Adobe reversed course on its Flash strategy after a recent round of layoffs and restructuring, concluding that HTML5 is the future of rich Internet content on mobile devices. Adobe now says it doesn’t intend to develop new mobile ports of its Flash player browser plugin, though existing implementations will continue to be maintained.
Adobe’s withdrawal from the mobile browser space means that HTML5 is now the path forward for developers who want to reach everyone and deliver an experience that works across all screens. The strengths and limitations of existing standards will now have significant implications for content creators who want to deliver video content on the post-flash Web.
Apple’s decision to block third-party browser plugins like Flash on its iOS devices played a major role in compelling Web developers to build standards-based fallbacks for their existing Flash content. This trend will be strengthened when Microsoft launches Windows 8 with a version of Internet Explorer that doesn’t support plugins in the platform’s new standard Metro environment.
Flash still has a significant presence on the Internet, but it's arguably a legacy technology that will decline in relevance as mobile experiences become increasingly important. The faster pace of development and shorter release cycles in the browser market will allow open standards to mature faster and gain critical mass more quickly than before. In an environment where standards-based technologies are competitive for providing rich experiences, proprietary vendor-specific plugins like Flash will be relegated to playing a niche role.
Our use of the phrase “post-Flash” isn’t intended to mean that Flash is dead or going to die soon. We simply mean that it’s no longer essential to experiencing the full Web. The HTML5 fallback experiences on many Flash-heavy sites still don’t provide feature parity with the Flash versions, but the gap is arguably shrinking—and will continue to shrink even more rapidly in the future.
A single company no longer dictates what can be achieved with video, and your video content is no longer isolated to a rectangle embedded in a page. HTML5 breaks down the barriers between video content and the rest of the Web, opening the door for more innovation in content presentation. Three are some really compelling demonstrations out there that showcase the use of video in conjunction with WebGL and other modern Web standards. For example, the video shader demo from the 3 Dreams of Black interactive film gives you a taste of what’s possible.
Of course, transitioning video delivery in the browser from Flash to HTML5 will also pose some major challenges for content creators. The standards aren’t fully mature yet and there are still a number of features that aren’t supported or widely available across browsers.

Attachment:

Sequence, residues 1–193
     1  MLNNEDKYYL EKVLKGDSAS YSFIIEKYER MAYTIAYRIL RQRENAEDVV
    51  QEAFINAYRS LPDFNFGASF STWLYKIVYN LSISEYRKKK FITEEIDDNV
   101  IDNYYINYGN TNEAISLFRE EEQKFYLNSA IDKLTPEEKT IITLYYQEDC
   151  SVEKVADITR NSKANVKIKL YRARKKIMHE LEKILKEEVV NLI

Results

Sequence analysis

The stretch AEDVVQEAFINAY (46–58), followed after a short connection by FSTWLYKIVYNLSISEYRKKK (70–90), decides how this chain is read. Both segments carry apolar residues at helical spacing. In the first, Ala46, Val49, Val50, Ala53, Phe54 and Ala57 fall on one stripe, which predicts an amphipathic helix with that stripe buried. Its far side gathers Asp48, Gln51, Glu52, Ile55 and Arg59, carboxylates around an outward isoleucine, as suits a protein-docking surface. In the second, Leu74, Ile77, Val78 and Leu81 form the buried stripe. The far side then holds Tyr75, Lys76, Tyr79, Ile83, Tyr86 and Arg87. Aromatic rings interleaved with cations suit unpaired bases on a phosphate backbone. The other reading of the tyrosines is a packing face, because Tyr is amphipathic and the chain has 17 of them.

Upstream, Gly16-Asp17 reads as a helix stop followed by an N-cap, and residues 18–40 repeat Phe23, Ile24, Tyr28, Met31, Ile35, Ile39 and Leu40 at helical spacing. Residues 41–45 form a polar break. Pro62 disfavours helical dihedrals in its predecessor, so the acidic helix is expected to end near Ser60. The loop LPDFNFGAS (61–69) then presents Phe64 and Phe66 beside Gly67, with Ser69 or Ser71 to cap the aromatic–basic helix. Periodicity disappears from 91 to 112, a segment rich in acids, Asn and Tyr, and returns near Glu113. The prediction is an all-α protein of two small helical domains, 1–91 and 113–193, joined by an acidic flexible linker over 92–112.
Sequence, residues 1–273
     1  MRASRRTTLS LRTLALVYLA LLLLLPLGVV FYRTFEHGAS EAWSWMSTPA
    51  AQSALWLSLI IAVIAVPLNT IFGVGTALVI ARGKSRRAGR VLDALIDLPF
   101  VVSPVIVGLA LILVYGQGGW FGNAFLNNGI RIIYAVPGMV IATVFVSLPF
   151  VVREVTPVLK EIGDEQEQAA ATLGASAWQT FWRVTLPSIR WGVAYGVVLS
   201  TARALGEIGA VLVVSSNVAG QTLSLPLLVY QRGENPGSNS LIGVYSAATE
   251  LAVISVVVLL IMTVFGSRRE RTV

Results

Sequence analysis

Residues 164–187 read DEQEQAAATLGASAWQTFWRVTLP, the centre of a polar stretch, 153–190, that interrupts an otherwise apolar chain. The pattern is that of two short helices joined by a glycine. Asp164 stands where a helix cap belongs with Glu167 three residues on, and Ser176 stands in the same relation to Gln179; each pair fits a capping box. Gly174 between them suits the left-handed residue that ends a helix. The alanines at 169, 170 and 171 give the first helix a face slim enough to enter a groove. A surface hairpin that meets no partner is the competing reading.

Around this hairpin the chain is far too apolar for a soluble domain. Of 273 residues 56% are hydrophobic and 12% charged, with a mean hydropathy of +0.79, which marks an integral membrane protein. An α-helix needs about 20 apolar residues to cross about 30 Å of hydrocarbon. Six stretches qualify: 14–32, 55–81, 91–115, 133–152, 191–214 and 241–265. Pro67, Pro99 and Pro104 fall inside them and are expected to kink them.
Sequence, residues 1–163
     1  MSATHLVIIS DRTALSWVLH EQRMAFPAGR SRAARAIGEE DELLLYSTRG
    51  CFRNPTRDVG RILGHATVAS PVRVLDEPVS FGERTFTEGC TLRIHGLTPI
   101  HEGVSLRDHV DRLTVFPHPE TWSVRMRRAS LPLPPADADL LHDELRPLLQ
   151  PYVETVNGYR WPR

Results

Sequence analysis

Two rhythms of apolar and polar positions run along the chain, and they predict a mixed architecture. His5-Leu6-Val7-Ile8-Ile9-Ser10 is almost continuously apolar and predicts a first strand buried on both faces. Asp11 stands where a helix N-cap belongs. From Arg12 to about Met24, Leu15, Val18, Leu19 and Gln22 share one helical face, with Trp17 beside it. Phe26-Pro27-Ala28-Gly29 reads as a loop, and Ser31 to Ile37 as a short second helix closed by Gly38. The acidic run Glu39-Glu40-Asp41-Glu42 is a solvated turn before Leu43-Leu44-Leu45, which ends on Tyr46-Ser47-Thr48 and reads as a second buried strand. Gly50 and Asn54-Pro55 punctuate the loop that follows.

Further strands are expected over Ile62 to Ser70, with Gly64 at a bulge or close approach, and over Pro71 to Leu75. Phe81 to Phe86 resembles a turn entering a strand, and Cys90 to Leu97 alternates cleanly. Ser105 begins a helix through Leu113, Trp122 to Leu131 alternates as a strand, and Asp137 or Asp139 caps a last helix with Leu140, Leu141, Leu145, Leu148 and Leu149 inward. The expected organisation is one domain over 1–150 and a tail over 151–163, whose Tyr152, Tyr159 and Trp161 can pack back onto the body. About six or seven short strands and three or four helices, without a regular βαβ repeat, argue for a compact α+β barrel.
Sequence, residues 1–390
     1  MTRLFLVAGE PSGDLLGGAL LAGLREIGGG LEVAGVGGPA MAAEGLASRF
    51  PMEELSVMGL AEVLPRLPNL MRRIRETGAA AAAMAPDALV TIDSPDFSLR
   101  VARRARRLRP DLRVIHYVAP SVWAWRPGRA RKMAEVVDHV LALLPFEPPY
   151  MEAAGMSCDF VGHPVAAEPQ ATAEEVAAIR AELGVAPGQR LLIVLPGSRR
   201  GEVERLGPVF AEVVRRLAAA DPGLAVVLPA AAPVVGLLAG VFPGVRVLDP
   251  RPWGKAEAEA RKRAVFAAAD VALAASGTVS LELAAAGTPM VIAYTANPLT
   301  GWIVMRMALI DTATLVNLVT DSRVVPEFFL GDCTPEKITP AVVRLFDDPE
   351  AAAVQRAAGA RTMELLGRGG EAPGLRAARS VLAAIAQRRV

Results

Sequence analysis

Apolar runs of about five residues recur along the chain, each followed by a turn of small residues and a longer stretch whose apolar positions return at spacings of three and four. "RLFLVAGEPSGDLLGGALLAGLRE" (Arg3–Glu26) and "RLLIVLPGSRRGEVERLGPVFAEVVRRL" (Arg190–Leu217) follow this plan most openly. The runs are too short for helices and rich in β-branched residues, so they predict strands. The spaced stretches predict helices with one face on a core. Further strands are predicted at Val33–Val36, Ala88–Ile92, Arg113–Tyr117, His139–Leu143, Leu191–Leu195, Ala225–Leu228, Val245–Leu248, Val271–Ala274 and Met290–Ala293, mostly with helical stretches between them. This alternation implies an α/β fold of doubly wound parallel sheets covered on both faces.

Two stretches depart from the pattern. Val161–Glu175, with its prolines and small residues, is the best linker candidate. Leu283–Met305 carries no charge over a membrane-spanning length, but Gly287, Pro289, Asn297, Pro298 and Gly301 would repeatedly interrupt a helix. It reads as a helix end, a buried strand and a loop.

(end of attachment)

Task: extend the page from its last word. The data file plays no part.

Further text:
For an illustration of how deep the problems run, you need only look at Mozilla’s Firefox Live promotional website, which touts the organization’s commitment to the open Web and shows live streaming videos of Red Panda cubs from the Knoxville Zoo. The video is streamed with Flash instead of using standards-based open Web technologies.
In an FAQ attached to the site, Mozilla says that it simply couldn’t find a high-volume live streaming solution based on open codecs and open standards. If Mozilla can’t figure out how to stream its cuddly mascot with open standards, it means there is still work to do.
Two of the major technical issues faced by HTML5 video adopters are the lack of adequate support for adaptive streaming and the lack of consensus surrounding codecs. There is currently an impasse between backers of the popular H.264 codec and Google’s royalty-free VP8 codec. There’s no question that a royalty-free video format is ideal for the Web, but the matter of whether VP8 is truly unencumbered by patents—and also meets the rest of the industry’s technical requirements—is still in dispute.
There is another major issue that hasn’t been addressed yet by open Web standards that could prove even more challenging: content protection. The vast majority of Flash video content on the Internet doesn’t use any kind of DRM and is trivially easy to download. Flash does, however, provide DRM capabilities and there are major video sites that rely on that technology in order to protect the content they distribute.
DRM is almost always bad for regular end users and its desirability is highly debatable, but browser vendors will have to support it in some capacity in order to make HTML5 video a success. Many of the content creators who license video material to companies like Netflix and Hulu contractually stipulate a certain degree of content protection.
Mozilla’s Robert O’Callahan raised the issue of HTML5 video DRM in a recent blog entry shortly after Adobe’s announcement regarding mobile Flash. He expressed some concern that browser vendors will look for a solution that is expedient rather than inclusive, to the detriment of the open Web.
“The problem is that some big content providers insist on onerous DRM that necessarily violates some of our open Web principles (such as Web content being equally usable on any platform, based on royalty-free standards, and those standards being implementable in free software),” O'Callahan wrote. “We will probably get into a situation where Web video distributors will be desperate for an in-browser strong DRM solution ASAP, and most browser vendors (who don’t care all that much about those principles) will step up to give them whatever they want, leaving Mozilla in another difficult position. I wish I could see a reasonable solution, but right now I can’t. It seems even harder than the codec problem.”